Use Nvidia Experimental 310 Drivers With Bumblebee

The Bumblebee PPA has been updated today, and the packages now allow the latest “nvidia-experimental-310” drivers to be used with Bumblebee.
Nvidia GeForce driver 310 is said to “double the performance and dramatically reduce game loading times for those gaming” and it can be installed from the “updates” Ubuntu 12.04 and 12.10 repository. Below you’ll find instructions on how to configure Bumblebee to work with nvidia-experimental-310 driver.
Nvidia Optimus is a technology used to increases battery life by switching between two graphics adapters (a low-performance integrated Intel graphics adapter and a high-performance one by Nvidia) within a computer system. Optimus GPU switching is officially only supported on Windows, but it’s also unofficially available on Linux thanks to the Bumblebee project.

How to configure Bumblebee to work with nvidia-experimental-310 driver
Bumblebee nvidia experimental 310
1. Install Bumblebee if you haven’t already.

2. Install the Nvidia GeForce driver 310.14 experimental driver:
sudo apt-get install nvidia-experimental-310 nvidia-settings-experimental-310
3. Configure Bumblebee to use nvidia-experimental-310.

Open “/etc/bumblebee/bumblebee.conf” as root with a text editor:
gksu gedit /etc/bumblebee/bumblebee.conf
And change the following:

– on line 22, make sure “Driver=” is set to “nvidia”, like this:
Driver=nvidia

– change the “KernelDriver=” (on line 47) to “nvidia-experimental-310”, like this:
KernelDriver=nvidia-experimental-310

– change “LibraryPath=” (on line 51) to “/usr/lib/nvidia-experimental-310:/usr/lib32/nvidia-experimental-310”, so it looks like this:
LibraryPath=/usr/lib/nvidia-experimental-310:/usr/lib32/nvidia-experimental-310

– change the “XorgModulePath=” (line 54) to “XorgModulePath=/usr/lib/nvidia-experimental-310/xorg,/usr/lib/xorg/modules” so it looks like this:
XorgModulePath=/usr/lib/nvidia-experimental-310/xorg,/usr/lib/xorg/modules

4. Restart Bumblebee, logout.

Restart the bumblebeed daemon using the following command:
sudo service bumblebeed restart
Then log out and log back in and try it out:
optirun glxspheres
If it doesn’t work, try to restart your system.

Note: if you’re using Primus, you’ll have to edit the /usr/bin/primusrun script to use “nvidia-experimental-310” instead of “nvidia-current”.

Originally published at WebUpd8: Daily Ubuntu / Linux news and application reviews.



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Primus: Better Performance And Less Power Consumption For Bumblebee [Optimus Hybrid Graphics Chipsets]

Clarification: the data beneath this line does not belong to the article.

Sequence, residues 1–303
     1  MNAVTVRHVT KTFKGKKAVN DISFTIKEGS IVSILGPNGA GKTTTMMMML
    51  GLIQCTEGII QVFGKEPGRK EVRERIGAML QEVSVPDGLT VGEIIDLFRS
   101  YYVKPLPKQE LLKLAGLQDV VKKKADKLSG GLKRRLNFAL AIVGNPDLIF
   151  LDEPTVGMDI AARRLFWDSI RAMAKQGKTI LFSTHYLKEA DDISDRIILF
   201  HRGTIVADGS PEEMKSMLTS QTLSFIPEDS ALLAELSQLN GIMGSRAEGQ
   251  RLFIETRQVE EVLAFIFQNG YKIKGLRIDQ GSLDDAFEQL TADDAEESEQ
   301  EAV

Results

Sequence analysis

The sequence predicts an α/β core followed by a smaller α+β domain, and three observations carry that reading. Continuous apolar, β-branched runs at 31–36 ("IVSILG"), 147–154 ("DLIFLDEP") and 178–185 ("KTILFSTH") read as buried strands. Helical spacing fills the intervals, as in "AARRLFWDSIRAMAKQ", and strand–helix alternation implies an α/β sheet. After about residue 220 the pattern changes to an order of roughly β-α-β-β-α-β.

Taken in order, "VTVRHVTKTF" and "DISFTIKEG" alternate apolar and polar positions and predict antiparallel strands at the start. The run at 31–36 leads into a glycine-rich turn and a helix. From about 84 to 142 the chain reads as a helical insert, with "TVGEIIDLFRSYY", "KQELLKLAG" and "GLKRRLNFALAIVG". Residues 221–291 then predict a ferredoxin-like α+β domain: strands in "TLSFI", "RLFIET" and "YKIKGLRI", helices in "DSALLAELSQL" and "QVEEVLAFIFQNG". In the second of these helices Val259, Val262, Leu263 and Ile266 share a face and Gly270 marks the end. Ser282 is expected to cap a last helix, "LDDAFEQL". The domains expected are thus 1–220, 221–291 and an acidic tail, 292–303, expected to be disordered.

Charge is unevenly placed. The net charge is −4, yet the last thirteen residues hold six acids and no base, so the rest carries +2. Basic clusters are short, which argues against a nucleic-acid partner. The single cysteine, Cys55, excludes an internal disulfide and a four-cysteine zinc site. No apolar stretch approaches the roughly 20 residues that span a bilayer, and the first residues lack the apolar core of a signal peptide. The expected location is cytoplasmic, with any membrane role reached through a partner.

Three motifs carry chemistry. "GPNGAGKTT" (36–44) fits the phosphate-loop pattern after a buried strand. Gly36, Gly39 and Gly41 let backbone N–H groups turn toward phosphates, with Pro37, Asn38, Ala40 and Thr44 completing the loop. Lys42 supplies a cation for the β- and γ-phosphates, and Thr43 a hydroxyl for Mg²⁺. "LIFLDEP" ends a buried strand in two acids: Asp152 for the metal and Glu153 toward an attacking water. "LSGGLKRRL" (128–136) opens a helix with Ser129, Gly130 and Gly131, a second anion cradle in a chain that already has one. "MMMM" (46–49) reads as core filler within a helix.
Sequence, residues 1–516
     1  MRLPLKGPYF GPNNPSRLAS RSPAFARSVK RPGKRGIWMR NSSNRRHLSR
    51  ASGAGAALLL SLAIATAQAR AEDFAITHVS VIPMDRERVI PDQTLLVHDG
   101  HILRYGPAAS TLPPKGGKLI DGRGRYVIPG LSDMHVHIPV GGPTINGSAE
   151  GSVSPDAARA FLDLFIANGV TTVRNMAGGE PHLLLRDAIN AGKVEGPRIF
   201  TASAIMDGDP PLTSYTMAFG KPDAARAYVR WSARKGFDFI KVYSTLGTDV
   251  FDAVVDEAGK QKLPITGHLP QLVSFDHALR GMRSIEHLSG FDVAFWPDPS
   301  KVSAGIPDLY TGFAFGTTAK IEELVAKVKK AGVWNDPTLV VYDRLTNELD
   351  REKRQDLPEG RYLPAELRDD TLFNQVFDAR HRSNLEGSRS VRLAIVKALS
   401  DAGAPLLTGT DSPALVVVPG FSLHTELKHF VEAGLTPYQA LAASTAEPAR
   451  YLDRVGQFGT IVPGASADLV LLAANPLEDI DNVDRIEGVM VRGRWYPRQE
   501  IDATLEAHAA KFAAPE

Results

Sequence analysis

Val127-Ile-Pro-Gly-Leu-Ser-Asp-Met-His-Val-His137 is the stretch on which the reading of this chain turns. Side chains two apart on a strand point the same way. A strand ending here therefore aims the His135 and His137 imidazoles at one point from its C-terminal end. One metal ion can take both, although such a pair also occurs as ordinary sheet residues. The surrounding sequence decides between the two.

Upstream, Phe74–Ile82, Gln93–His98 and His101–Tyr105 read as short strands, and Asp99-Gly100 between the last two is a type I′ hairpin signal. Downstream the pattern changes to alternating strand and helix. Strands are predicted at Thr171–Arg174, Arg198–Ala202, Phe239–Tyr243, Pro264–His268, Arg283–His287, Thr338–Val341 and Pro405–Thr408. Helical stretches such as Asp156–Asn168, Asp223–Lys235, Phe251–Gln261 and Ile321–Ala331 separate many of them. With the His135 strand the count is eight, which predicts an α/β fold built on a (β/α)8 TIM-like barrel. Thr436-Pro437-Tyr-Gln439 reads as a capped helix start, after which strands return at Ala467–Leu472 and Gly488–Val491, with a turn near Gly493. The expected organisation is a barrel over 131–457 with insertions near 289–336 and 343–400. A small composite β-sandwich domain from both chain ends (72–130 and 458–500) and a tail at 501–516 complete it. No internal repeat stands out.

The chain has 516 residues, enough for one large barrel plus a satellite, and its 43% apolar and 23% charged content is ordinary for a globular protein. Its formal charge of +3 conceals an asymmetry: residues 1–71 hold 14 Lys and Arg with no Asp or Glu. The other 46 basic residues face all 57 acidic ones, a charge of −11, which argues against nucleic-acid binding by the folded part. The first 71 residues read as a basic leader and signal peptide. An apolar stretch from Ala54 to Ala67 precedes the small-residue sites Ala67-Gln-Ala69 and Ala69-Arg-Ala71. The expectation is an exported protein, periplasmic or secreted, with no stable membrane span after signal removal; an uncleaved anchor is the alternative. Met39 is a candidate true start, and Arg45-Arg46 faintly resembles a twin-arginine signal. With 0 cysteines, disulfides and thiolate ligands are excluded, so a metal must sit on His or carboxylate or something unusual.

Nvidia Optimus is a technology used to increases battery life by switching between two graphics adapters (a low-performance integrated Intel graphics adapter and a high-performance one by Nvidia) within a computer system. Optimus GPU switching is officially only supported on Windows, but it’s also unofficially available on Linux thanks to the Bumblebee project.
Primus brings better performance and less power consumption when using Bumblebee, by replacing VirtualGL. According to the Bumblebee G+ page, this has the following advantages over the optirun (VirtualGL) solution used by default in Bumblebee:Less overhead (better framerates) and cleaner solution (no networking or compression involved at all)Fixes the “bug” that causes Bumblebee to shut down the GPU too early sometimes (no more need for the “optirun bash” workaround)Less buggy/glitchy, easier to debugOnly uses/starts secondary GPU for OpenGL parts of applications – everything else remains on your main GPU (power savings)
The Bumblebee developers explain what Primus does and the difference between Primus / optirun in simple terms in a comment on their G+ page:

Bumblebee uses VirtualGL to copy the image generated by the second (faster) GPU to your display. VirtualGL was intended for use over a network though, so it takes a great many steps to enable this (compression, sending the image over a network link, decompression, etc).

Primus doesn’t perform all these “extra” steps, instead taking a more direct route (copying the rendered image in memory to the other GPU, then displaying there). In theory this should get you better performance as well as better compatibility. Running applications will “see” the OpenGL implementation of your real hardware, nothing virtual is presented to them.
For comparison, here are the framerates I get on my laptop when using the integrated Intel graphics, when using the Nvidia graphics card using optirun and using primusrun (this is just for FPS and not an indicator for the whole performance!):
glxspheres intel gpuIntegrated (Intel) graphics
glxspheres optirun bumblebeeoptirun (default in Bumblebee) using the Nvidia GPU
glxspheres primusrun bumblebeePrimus using the Nvidia GPU
As you can see, the FPS using

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